Date of Award

Spring 2019

Degree Type

Open Access Dissertation

Degree Name

Education, PhD


School of Educational Studies

Advisor/Supervisor/Committee Chair

Thomas Luschei

Dissertation or Thesis Committee Member

Margaret Grogan

Dissertation or Thesis Committee Member

Carl Cohn

Terms of Use & License Information

Terms of Use for work posted in Scholarship@Claremont.

Rights Information

© 2019 Leslie Ann Young


elementary education, lives of teachers, teacher commitment, teacher education, veteran teachers

Subject Categories

Elementary Education and Teaching | Teacher Education and Professional Development


This phenomenological qualitative study involved 15 veteran K-6 public school teachers – each having taught a minimum of 24 years - from several districts in Southern California. It identified and examined what factors influenced the ongoing commitment and engagement of these teachers over the course of their careers. Factors mirrored the study’s theoretical framework and included: 1) the teacher’s challenges, 2) the teacher’s personal characteristics or attributes, and 3) the teacher’s professional life phases.

A majority of the teachers interviewed spoke to the escalation of the environmental challenges they confronted while on the job, such as, student behavior, administrative and parental support, educational reform, work load, and instructional time constraints as well as individual factors, such as, family issues and personality. In particular, the increased aggressive misbehavior of some students along with an all-too-common lack of support from both parents and administrators left these teachers feeling disrespected, isolated, and even burnt-out at times. However, the study’s findings pointed to the affirmative power of the teachers’ personal characteristics – specifically, their passion for teaching and their students along with the teachers’ resilience – in helping them to combat the trying environmental and individual challenges they faced during the various professional life phases of their careers, and remain committed and engaged.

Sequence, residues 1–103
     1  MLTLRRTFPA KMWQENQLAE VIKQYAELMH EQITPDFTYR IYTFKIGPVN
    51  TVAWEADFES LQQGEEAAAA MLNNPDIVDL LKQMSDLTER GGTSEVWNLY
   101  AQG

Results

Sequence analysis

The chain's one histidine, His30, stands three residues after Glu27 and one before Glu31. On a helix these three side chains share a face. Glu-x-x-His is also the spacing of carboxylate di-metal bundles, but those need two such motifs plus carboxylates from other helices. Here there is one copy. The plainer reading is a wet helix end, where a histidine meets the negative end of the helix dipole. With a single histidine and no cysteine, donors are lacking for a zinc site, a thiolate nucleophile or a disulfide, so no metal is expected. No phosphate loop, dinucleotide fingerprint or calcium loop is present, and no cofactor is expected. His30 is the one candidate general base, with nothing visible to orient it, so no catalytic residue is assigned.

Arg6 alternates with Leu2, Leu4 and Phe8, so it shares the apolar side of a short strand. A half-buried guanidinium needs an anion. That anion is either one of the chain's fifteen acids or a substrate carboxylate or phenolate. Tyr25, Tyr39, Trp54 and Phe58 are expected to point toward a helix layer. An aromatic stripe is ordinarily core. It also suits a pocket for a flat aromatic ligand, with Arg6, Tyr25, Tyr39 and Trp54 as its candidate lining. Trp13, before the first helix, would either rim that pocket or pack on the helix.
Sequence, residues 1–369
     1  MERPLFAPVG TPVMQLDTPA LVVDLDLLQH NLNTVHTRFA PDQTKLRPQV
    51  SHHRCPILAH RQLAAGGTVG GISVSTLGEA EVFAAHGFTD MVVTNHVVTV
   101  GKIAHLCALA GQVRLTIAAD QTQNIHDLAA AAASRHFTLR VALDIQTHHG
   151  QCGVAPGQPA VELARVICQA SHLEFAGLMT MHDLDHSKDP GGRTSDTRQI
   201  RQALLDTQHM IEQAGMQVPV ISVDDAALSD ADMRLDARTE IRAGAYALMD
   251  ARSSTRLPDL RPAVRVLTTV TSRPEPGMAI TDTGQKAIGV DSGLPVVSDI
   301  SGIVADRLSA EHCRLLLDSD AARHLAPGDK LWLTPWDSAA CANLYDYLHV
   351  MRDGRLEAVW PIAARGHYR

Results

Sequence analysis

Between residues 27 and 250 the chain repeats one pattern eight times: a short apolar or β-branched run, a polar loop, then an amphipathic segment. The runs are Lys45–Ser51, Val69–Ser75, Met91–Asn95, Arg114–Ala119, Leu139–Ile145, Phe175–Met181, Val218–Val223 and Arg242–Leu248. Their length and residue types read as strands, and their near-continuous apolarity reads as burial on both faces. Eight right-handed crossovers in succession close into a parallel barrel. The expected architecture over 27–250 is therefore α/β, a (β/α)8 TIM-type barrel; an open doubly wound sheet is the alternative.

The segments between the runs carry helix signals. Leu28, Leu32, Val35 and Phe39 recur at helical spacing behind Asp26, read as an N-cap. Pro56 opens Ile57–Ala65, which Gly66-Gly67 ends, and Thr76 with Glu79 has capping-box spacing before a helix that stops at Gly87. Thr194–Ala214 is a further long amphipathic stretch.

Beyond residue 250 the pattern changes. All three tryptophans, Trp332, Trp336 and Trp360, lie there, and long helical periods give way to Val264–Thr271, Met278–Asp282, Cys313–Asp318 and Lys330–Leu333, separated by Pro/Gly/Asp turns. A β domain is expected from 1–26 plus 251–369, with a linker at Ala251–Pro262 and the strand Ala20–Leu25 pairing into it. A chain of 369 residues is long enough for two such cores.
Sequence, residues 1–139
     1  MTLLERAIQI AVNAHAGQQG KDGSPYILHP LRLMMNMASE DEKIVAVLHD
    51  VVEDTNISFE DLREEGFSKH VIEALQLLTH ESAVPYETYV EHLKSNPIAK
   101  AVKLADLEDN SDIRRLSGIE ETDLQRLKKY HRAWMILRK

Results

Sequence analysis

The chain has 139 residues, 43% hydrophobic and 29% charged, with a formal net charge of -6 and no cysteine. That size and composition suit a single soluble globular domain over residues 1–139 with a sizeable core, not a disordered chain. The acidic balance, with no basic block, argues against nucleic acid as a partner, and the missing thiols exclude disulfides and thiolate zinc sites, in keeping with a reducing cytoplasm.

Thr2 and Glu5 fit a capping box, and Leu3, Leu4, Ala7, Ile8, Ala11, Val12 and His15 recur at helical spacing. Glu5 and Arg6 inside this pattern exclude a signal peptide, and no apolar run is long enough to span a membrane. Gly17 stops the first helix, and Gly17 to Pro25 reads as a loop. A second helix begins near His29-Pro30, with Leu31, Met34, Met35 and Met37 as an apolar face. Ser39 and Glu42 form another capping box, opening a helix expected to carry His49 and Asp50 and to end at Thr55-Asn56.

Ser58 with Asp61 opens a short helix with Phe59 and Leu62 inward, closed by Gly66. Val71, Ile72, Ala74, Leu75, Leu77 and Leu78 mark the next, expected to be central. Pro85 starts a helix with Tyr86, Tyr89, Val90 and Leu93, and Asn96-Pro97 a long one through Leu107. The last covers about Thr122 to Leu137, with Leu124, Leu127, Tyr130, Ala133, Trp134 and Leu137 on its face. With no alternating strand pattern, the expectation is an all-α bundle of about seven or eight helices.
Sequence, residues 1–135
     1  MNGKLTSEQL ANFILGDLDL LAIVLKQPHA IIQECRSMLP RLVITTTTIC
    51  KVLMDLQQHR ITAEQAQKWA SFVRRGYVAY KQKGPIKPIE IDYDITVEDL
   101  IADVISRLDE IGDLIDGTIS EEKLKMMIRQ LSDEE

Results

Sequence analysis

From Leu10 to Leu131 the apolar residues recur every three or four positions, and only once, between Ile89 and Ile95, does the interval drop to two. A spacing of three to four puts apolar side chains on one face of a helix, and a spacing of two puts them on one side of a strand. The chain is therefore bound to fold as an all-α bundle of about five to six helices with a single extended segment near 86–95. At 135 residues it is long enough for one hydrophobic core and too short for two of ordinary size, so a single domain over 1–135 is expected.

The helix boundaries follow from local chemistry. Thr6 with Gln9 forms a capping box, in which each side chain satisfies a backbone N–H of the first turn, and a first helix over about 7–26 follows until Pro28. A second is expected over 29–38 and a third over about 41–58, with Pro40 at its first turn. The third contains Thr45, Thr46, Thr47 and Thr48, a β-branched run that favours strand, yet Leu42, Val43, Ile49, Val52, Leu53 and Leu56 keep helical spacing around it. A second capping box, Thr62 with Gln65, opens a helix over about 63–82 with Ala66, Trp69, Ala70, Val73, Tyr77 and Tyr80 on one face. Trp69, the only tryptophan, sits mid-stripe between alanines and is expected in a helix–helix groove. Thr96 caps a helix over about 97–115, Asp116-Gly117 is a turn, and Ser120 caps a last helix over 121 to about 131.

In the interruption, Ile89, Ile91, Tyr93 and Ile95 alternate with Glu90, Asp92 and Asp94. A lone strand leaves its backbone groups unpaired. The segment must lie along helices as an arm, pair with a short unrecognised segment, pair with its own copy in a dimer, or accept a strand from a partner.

Moreover, the study’s findings suggest that veteran teachers could benefit from recognition, growth, variety and interaction with colleagues in order to have a meaningful longevity in their careers as well as more robust support from both site and district administrators. The findings also recommend that teacher educators introduce their pre-service and beginning teachers to what it takes emotionally to stay committed and engaged in the profession in meaningful ways, thereby, giving these new teachers a deeper foundation of what being an effective and fulfilled teacher really entails.